At PCS the product has not changed. We still have the Ministry of Ontario curriculum documents. In the past they were documents to be accessed as needed when teachers were developing units of study. Under Profound Learning, these guidelines will be stored on a database that teachers can access but also develop student friendly translations that will assist the students to understand what they need to learn, the level of their knowledge in that area and help them determine where gaps in that understanding may exist.

The biggest change in Profound Learning is in the delivery system. This is seen in two areas, first, in the teacher methodologies and second, the classroom environment. The teachers will develop methods of direct instruction that will be more engaging and applicable to the majority of students. This will occur as the brained based elements of relevance, meaning, emotion, novelty, choice, and movement are all part of the daily learning experiences for the students. This will result in students understanding their own role and ownership in being a part of their educational journey. A higher level of student engagement means a higher level of knowledge retention and mastery. It’s about setting rigid quality and allowing the time for this to happen.

(Here are some links to a few documents (doc 1) (doc 2) (doc 3) that can give you a little insight on the Brain Based Elements. If you want some more insight you can visit the Imaginal Education website to hear more about activating the brain through meaning and the role of neuroscience)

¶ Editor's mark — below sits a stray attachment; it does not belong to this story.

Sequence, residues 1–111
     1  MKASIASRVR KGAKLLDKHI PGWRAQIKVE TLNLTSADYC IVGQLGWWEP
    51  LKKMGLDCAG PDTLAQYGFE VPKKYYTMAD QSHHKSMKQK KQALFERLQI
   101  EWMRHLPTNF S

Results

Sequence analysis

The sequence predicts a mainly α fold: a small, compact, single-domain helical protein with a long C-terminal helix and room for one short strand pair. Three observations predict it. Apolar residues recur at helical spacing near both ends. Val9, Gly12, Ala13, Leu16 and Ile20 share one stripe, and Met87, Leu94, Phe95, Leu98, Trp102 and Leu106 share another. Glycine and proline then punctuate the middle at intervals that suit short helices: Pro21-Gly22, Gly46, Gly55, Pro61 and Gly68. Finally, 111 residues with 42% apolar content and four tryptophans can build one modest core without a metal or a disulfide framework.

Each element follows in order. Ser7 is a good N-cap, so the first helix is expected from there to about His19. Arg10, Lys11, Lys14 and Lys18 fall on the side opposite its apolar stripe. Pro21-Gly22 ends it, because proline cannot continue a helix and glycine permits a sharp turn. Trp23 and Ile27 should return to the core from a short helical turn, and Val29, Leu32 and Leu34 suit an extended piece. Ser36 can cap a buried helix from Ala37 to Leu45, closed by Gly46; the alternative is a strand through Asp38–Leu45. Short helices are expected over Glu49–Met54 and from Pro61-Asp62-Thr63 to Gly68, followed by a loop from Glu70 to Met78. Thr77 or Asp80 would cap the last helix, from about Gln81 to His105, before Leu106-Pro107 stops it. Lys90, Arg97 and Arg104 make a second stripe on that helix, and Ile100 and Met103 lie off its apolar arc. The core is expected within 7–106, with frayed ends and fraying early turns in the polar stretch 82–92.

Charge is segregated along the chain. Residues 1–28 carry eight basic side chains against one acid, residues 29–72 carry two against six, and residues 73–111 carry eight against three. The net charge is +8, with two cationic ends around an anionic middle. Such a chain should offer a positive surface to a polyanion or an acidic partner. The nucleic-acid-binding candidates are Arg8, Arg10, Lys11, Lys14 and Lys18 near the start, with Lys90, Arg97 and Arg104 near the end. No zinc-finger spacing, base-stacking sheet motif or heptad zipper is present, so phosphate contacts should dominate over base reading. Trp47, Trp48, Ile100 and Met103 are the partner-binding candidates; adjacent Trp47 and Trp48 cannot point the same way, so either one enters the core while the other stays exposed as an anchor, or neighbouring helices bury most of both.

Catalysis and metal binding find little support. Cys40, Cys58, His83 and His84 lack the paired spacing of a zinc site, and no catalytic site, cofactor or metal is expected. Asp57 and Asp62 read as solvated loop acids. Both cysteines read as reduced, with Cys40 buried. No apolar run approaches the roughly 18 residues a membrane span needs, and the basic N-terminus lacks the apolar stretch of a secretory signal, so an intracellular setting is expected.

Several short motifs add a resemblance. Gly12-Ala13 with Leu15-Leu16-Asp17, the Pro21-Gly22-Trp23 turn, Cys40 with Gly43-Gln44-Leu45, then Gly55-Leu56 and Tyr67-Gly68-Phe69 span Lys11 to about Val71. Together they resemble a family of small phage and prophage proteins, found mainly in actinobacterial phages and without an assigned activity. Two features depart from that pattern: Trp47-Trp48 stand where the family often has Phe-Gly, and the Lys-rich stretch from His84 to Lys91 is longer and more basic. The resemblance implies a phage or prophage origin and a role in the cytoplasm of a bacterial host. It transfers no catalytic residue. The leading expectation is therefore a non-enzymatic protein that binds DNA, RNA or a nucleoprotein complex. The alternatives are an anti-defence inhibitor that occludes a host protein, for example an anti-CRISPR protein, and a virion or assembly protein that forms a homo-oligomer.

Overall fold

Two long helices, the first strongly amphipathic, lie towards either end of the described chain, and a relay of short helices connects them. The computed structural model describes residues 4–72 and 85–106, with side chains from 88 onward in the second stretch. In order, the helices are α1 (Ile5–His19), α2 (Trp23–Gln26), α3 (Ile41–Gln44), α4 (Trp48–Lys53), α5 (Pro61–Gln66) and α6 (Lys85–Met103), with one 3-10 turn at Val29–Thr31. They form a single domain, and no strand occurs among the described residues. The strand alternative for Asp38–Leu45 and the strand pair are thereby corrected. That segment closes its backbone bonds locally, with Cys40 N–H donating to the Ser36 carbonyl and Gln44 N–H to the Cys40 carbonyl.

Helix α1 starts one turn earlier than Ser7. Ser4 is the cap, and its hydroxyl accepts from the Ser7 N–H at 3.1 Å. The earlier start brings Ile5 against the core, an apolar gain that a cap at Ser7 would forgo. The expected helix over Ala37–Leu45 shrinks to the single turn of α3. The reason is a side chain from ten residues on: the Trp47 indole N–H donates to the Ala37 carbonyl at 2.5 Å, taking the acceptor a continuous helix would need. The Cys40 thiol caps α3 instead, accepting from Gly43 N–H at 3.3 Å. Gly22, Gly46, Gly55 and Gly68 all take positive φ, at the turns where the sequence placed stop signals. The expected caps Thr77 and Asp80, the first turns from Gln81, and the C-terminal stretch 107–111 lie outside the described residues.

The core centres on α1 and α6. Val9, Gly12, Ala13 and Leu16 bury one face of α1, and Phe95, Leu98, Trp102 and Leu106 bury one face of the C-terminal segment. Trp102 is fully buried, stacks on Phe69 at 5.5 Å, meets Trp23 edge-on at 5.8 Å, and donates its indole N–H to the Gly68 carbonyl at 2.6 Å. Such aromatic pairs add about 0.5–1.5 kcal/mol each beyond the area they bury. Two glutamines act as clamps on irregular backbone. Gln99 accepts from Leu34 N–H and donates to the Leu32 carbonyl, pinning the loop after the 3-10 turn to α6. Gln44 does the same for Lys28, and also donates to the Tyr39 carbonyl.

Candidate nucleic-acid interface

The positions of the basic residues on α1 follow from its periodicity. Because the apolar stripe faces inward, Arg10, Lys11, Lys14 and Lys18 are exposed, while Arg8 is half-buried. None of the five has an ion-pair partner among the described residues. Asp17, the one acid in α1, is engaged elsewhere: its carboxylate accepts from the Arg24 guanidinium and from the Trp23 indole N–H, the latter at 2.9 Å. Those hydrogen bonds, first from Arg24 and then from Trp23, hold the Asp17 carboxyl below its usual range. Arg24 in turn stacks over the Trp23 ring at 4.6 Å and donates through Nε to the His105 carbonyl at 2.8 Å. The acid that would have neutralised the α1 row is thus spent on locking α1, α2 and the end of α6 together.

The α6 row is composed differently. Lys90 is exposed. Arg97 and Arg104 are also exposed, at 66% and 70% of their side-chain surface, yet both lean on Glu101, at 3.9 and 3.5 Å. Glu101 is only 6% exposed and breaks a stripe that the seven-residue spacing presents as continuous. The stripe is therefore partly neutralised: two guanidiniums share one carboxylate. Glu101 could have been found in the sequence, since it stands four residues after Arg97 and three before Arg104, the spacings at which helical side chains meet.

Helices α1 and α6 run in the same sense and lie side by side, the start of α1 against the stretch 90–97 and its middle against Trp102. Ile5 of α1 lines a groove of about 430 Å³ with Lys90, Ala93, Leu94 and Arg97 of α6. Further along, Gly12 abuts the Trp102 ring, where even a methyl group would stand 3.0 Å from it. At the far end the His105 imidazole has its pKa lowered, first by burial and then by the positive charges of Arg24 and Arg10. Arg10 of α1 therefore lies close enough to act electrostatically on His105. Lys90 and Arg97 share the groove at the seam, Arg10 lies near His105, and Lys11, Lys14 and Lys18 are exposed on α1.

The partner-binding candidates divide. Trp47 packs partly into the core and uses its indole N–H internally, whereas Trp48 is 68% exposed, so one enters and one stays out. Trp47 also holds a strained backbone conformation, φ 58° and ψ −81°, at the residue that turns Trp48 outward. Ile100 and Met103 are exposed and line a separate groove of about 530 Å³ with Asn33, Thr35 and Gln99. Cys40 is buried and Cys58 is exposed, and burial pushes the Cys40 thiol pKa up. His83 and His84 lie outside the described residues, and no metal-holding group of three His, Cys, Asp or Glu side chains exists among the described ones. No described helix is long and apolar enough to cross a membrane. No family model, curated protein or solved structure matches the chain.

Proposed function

As well, the classrooms are undergoing changes to allow students to be placed in areas that will allow them to be more comfortable in the learning and working environment. The three basic areas are called the Campfire, the Cave, and the Café. In the Campfire area the teacher is engaged in direct instruction that permits students to be introduced to new material in a more informal, yet personal manner. From here, the students are dismissed to either the Cave or the Café to do their work. In the Cave area they are in a quiet setting focused on completing the task. At the Café, they are in an environment developing skills of co-operative learning and the development of alternative learning.

Over these last few blogs, many words have been written. It’s time for show and tell. Please join us on August 31, 2017 at 7:00 pm for an Open House at PCS. There will be tours of the school so you can see the physical changes that we have made to inspire students and teachers into the 21st Century mindset. As well, we have Mrs. Doreen Grey from Master’s Academy, and the trainer of our teachers, who will give a short overview of “Ownership, Mastery and Brain Based Engagement”, PCS’ focus for this year. Mrs. Grey is one of the developers of this program and former principal of Masters Academy and College. She is currently travelling to many countries bringing Profound Learning to hundreds of teachers.

We are excited about the journey we find ourselves on. Profound Learning is more than just a program or delivery method. Every teacher here at PCS ultimately wants to see deep, engaged and profound learning for all of our students. Please continue to be in prayer for our teacher’s and the leadership of the school as we seek God’s wisdom and discretion as we navigate not only the upcoming year but the years to come as well.